One of my favorite parts of my job is to "secret shop" a church service. Although my evaluation begins when I pull in the parking lot, it doesn't end until a few days later.

One of my favorite parts of my job is to "secret shop" a church service! As I pull into the parking lot, I put on my guest/detective hat and begin assessing the weekend worship service. Did I find guest parking? Did I easily find a place to sit? Did I know where to go if I had more questions?

And, although my evaluation begins when I pull in the parking lot, it doesn't end until a few days later as I anxiously await to see if anyone noticed my presence on Sunday.

In an effort to engage with visitors and encourage a welcoming spirit within the church, many congregations ask guests to sign a guest card or attendance register so they can connect with you. Typically, within a week, I receive one of the following:

  • A postcard. The front - praying hands or a church steeple. The back - a sentence or two telling me how wonderful it was that I visited, lovingly hand-signed and addressed from "Lois, President of the Welcome Committee."
  • A form letter. "Dear ______: Thank you for visiting us on _______. We hope you come back soon. Here are the 27 ways you can learn more about our church. Please come again."
  • A packet filled with every piece of print literature the church has ever produced about every ministry they have. (Which I already received in my over-flowing welcome visitor bag I clumsily carried around your church building on Sunday).

I was pleasantly surprised to receive both a voicemail and a personal email from a pastor of spiritual life. Ben, Shawn and I had secret shopped his church on Sunday, and those of us who filled out the Connect Card received follow-up by Monday evening. Here's the email (voicemail was similar, but even more sincere with his voice). Names have been changed to protect the identity of the innocent!

Hello Lindsay, my name is John Doe, and as one of the pastors at ABC Church in Anytown, USA, I want to say thanks for visiting with us this past weekend. I really hope you enjoyed your time with us and that you were encouraged. During this Christmas season, it's such a joy to welcome people from all over to join in worshipping Jesus Christ. He's the focus year-round, but especially so as we celebrate His birth on Christmas day. Thank you again for being with us!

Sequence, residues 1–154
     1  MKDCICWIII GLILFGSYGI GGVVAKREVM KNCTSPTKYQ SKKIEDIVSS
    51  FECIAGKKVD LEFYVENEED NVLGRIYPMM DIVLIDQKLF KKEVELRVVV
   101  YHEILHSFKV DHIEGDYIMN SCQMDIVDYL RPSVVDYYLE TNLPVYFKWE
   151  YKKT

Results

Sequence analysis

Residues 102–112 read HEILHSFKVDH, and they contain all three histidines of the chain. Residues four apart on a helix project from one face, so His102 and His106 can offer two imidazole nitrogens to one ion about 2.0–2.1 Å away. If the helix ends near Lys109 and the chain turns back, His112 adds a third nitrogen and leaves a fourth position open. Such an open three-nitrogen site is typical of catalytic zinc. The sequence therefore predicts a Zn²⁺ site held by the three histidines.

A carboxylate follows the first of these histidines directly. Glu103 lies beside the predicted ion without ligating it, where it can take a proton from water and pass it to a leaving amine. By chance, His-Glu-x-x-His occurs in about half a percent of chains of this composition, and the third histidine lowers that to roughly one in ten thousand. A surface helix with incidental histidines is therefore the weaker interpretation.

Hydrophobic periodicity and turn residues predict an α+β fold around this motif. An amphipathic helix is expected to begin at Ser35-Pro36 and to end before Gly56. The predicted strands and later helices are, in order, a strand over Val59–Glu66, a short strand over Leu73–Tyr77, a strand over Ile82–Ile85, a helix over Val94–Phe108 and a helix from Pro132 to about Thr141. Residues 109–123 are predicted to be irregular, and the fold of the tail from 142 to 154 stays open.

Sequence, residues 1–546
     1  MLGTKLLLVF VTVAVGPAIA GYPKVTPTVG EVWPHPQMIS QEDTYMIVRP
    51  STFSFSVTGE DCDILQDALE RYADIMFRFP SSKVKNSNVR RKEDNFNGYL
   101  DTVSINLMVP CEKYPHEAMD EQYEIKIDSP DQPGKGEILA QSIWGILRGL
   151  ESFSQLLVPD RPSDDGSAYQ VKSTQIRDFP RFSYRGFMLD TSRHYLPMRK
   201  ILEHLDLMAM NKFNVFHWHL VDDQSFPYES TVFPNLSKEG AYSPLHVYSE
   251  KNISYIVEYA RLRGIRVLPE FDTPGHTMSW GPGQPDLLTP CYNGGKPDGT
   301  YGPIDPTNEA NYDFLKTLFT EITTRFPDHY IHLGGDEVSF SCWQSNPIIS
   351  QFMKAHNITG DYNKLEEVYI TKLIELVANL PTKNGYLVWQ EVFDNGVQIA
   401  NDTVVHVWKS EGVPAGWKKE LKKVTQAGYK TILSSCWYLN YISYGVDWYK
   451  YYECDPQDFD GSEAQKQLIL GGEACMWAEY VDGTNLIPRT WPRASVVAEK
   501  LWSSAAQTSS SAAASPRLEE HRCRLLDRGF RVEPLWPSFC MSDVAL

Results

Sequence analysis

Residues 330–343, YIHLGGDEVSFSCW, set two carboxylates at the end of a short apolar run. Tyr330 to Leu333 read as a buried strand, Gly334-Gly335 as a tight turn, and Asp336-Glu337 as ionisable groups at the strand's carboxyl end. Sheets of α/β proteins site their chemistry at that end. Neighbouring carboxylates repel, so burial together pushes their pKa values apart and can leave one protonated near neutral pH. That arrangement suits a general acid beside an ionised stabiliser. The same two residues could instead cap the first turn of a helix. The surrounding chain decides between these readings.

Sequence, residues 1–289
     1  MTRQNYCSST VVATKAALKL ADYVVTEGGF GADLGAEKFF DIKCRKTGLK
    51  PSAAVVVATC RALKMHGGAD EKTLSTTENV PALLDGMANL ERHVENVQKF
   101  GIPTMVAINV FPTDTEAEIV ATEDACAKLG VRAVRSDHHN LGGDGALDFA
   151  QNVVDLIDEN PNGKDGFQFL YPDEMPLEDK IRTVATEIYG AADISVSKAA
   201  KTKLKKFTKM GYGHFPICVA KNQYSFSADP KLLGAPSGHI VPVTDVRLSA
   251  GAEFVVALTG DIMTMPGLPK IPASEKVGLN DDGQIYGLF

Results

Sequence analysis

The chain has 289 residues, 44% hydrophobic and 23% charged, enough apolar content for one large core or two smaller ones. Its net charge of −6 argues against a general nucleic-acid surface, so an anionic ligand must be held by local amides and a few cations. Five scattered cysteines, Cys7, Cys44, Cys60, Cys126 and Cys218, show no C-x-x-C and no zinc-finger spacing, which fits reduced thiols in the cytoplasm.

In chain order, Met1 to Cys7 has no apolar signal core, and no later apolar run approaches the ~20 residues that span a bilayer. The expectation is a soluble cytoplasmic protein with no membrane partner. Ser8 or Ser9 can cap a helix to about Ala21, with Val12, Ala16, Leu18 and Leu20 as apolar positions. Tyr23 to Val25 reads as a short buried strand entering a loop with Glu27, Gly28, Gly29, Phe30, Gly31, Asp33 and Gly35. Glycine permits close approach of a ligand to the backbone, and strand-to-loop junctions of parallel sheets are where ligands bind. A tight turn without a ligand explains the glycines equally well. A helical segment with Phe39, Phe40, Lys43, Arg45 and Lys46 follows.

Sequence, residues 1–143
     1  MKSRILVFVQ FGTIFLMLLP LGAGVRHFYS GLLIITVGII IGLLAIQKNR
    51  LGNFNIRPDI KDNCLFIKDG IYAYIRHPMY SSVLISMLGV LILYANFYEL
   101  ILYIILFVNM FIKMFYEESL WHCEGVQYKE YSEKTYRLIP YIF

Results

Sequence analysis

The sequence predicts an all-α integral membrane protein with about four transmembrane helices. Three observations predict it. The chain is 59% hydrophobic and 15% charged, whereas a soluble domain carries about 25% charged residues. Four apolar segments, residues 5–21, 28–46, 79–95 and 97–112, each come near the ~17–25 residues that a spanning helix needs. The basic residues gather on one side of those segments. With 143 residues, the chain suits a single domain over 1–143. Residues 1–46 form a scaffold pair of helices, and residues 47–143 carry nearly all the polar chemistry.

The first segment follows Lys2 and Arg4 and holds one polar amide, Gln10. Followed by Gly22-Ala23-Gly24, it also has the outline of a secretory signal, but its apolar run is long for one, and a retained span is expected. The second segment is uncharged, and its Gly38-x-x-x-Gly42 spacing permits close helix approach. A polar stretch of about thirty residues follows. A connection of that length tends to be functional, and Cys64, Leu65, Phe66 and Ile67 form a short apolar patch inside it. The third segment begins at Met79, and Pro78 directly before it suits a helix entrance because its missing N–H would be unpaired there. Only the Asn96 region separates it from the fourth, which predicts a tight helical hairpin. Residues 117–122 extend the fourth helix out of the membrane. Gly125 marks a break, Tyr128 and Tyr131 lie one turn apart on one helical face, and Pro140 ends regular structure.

I don't know if you're still in town or not, but if so, we'd love to have you join us again this coming Sunday. We have two identical services at 9:15 a.m. and 11 a.m. If you've already headed back home, we hope we'll have another opportunity to have you with us sometime in the near future. Thank you again!

And if there is anything I might be able to do as a pastor to serve you or your family in any way, please do let me know. My contact information is below and it would be my pleasure to serve you. Merry Christmas! 

John Doe,  , (123) 456-7890

Here's what I love:

  1. Personal introduction from one of the pastors. It feels like when the owner or chef at a restaurant visits your table.
  2. Reference to the time of year I visited. This tells me it's not a template.
  3. Subtle reiteration of their faith/focus on Jesus.
  4. An invitation to visit again, with the service times listed.
  5. A sincere line about serving me. When he said this line in the voicemail I honestly felt I could pick up the phone and talk to him right away.

Additionally, his voicemail was genuine. I really felt that he, and the church, cared that I visited. And, in the voicemail, he indicated that someone from the Stephen Ministry (I checked the "I'd like to learn more about" box next to that) would be in touch soon to talk about the ministry. She called the next day!

How are you connecting with your visitors? Are you being personal, relevant and memorable? Are you being as intentional with the follow-up as you are with the arrival?

Following up with first-time guests is important, but it's more important how you connect with them during their visit. 

Get the First-Time Guest Piece Guide to see how you can design a strategic, welcoming and beautiful first-time guest piece.